6

(152) 36.00

Source: Schutte and Koerting.

Source: Schutte and Koerting.

Referring to the bottom of Table 1, a 2-in (50.8-mm) eductor with a capacity ratio of 4.0 is obtained. The required motive flow is then in USCS units 4( 7.3) = 29.2 gpm in SI units 4(1.66) = 6.64 m3/h and the suction capacity is in USCS units 4(9.6) = 38.4 gpm in SI units 4( 2.18) = 8.72 m3/h

A 1^-in (38-mm) unit can handle 2.89 times the values in Table 1, or 27.7 gpm (6.3 m3/h) suction when using 21 gpm (4.8 m3/h) motive water at 40 lb/in2 (2.8 bar) gage. If suction flow rate is not critical, some capacity can be sacrificed in order to use a smaller and therefore lower-cost eductor. If optimum performance is desired, it is necessary to size a special eductor using Figures 3 and 4.

Figure 7 illustrates more streamlined versions for higher suction lifts or applications involving the handling of slurries. This type of eductor is often used to remove condensate from vessels under vacuum. The advantage is that eductors require only 2 ft (0.61 m) NPSH and, being smaller than mechanical pumps, save considerable space. Further, a partial vapor load is much less likely to vapor-lock a jet pump because the venturi tube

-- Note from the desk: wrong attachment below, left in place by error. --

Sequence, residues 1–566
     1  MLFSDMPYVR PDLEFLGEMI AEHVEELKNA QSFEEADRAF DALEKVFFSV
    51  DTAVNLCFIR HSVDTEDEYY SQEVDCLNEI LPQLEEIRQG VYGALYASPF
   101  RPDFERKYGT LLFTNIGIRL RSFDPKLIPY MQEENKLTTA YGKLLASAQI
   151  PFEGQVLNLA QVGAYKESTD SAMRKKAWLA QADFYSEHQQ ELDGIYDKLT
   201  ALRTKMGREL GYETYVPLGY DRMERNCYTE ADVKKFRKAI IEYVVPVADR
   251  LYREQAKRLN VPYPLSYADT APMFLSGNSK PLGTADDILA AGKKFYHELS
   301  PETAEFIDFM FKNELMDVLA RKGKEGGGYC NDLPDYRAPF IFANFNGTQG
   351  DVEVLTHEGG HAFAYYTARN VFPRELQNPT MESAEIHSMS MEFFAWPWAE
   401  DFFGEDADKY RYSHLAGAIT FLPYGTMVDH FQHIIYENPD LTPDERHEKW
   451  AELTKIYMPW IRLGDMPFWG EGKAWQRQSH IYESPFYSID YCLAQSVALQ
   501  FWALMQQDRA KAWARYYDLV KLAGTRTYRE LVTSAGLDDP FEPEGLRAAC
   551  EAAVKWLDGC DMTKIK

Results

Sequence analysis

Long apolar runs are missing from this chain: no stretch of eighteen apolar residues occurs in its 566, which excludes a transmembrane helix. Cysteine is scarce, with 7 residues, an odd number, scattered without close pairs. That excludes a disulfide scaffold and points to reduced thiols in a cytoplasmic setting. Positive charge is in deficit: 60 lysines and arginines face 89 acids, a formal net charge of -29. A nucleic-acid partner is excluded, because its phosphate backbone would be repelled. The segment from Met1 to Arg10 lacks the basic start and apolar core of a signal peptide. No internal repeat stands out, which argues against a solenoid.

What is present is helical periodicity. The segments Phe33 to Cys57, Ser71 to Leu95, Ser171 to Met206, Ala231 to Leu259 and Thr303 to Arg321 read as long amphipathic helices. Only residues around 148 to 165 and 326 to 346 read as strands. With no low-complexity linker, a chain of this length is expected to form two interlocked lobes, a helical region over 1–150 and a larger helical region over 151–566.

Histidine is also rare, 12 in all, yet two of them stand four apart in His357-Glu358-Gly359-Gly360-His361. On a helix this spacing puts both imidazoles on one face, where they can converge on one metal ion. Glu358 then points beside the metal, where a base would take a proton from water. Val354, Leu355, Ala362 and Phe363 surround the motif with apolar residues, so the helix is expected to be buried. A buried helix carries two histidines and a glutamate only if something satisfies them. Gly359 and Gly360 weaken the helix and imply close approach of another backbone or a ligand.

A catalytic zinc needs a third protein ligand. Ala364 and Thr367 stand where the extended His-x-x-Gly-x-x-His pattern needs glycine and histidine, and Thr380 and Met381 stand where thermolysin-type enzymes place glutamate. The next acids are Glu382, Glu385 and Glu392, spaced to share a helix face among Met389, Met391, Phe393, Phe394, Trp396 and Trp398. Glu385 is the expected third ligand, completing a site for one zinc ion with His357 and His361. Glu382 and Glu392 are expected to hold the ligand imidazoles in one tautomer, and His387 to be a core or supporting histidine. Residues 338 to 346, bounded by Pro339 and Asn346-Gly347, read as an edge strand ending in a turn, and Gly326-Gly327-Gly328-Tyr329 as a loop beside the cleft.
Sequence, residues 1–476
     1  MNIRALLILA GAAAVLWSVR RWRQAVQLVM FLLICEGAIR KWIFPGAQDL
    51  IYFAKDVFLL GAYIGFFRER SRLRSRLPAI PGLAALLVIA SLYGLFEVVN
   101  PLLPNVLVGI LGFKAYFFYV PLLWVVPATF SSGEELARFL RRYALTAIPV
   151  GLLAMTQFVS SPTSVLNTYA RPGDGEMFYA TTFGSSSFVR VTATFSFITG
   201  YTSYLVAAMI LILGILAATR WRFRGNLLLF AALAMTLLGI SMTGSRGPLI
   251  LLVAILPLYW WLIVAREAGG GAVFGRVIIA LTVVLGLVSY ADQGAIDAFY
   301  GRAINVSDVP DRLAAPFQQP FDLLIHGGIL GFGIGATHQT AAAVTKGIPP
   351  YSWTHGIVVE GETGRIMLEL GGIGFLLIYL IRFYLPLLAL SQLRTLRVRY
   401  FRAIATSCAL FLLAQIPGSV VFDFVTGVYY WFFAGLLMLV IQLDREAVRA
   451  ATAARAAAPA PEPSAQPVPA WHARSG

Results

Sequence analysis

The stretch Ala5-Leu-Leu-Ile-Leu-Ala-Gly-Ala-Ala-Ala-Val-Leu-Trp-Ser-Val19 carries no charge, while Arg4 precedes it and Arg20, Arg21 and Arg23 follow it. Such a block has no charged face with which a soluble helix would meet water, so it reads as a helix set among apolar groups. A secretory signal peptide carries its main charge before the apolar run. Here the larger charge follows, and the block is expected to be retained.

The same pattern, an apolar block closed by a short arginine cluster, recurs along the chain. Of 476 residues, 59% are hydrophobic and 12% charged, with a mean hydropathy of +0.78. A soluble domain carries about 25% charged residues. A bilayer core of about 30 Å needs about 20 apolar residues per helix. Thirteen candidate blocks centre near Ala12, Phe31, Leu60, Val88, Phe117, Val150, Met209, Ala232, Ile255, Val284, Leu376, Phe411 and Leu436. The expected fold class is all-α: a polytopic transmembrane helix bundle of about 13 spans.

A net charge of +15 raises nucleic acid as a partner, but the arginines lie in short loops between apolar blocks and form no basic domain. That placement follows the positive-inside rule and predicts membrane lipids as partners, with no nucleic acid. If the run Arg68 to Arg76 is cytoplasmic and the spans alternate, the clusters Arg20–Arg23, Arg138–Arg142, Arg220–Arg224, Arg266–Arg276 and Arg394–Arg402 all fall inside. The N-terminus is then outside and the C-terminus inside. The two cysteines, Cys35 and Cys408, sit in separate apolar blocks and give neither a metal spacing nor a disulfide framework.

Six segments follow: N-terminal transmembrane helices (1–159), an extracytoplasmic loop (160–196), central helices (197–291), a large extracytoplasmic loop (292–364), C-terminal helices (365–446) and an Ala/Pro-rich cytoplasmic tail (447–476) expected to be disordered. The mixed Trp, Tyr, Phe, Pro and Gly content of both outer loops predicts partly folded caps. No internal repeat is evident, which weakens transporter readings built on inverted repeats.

FIGURE 6 General purpose eductor (Schutte and Koerting)

FIGURE 7 Streamlined eductor (Schutte and Koerting)

FIGURE 6 General purpose eductor (Schutte and Koerting)

FIGURE 7 Streamlined eductor (Schutte and Koerting)

FIGURE 8 Sparger nozzle (Schutte and Koerting)

FIGURE 9 Motive flow rate of Sparger nozzles (gpm X 0.227 = m3/h; lb/in2 X 0.0689 = bar) (Schutte and Koerting)

FIGURE 8 Sparger nozzle (Schutte and Koerting)

FIGURE 9 Motive flow rate of Sparger nozzles (gpm X 0.227 = m3/h; lb/in2 X 0.0689 = bar) (Schutte and Koerting)

minimizes the expansion effect of flashing vapor. Sizing is done in the manner illustrated in Example 1, using Figures 3 and 4.

mixing eductors Although any eductor is inherently a mixing device, some are specifically designed as mixers. They are used to replace mechanical agitators and are located inside the tank containing the fluid to be agitated. Figure 8 illustrates the simplest type of eductor, the Sparger nozzle. These units entrain a volume of suction fluid that is approximately three times the volume of motive fluid. A 20-lb/in2 (1.4-bar) drop across the nozzle is recommended for proper mixing. Figure 9 shows the motive flow rates for this type

TABLE 2 Motive flow rates of tank mixing eductors, gpma

Pressure difference, inlet to tank, lb/in2 (bar) gage

Pressure difference, inlet to tank, lb/in2 (bar) gage

TABLE 2 Motive flow rates of tank mixing eductors, gpma

Size, in

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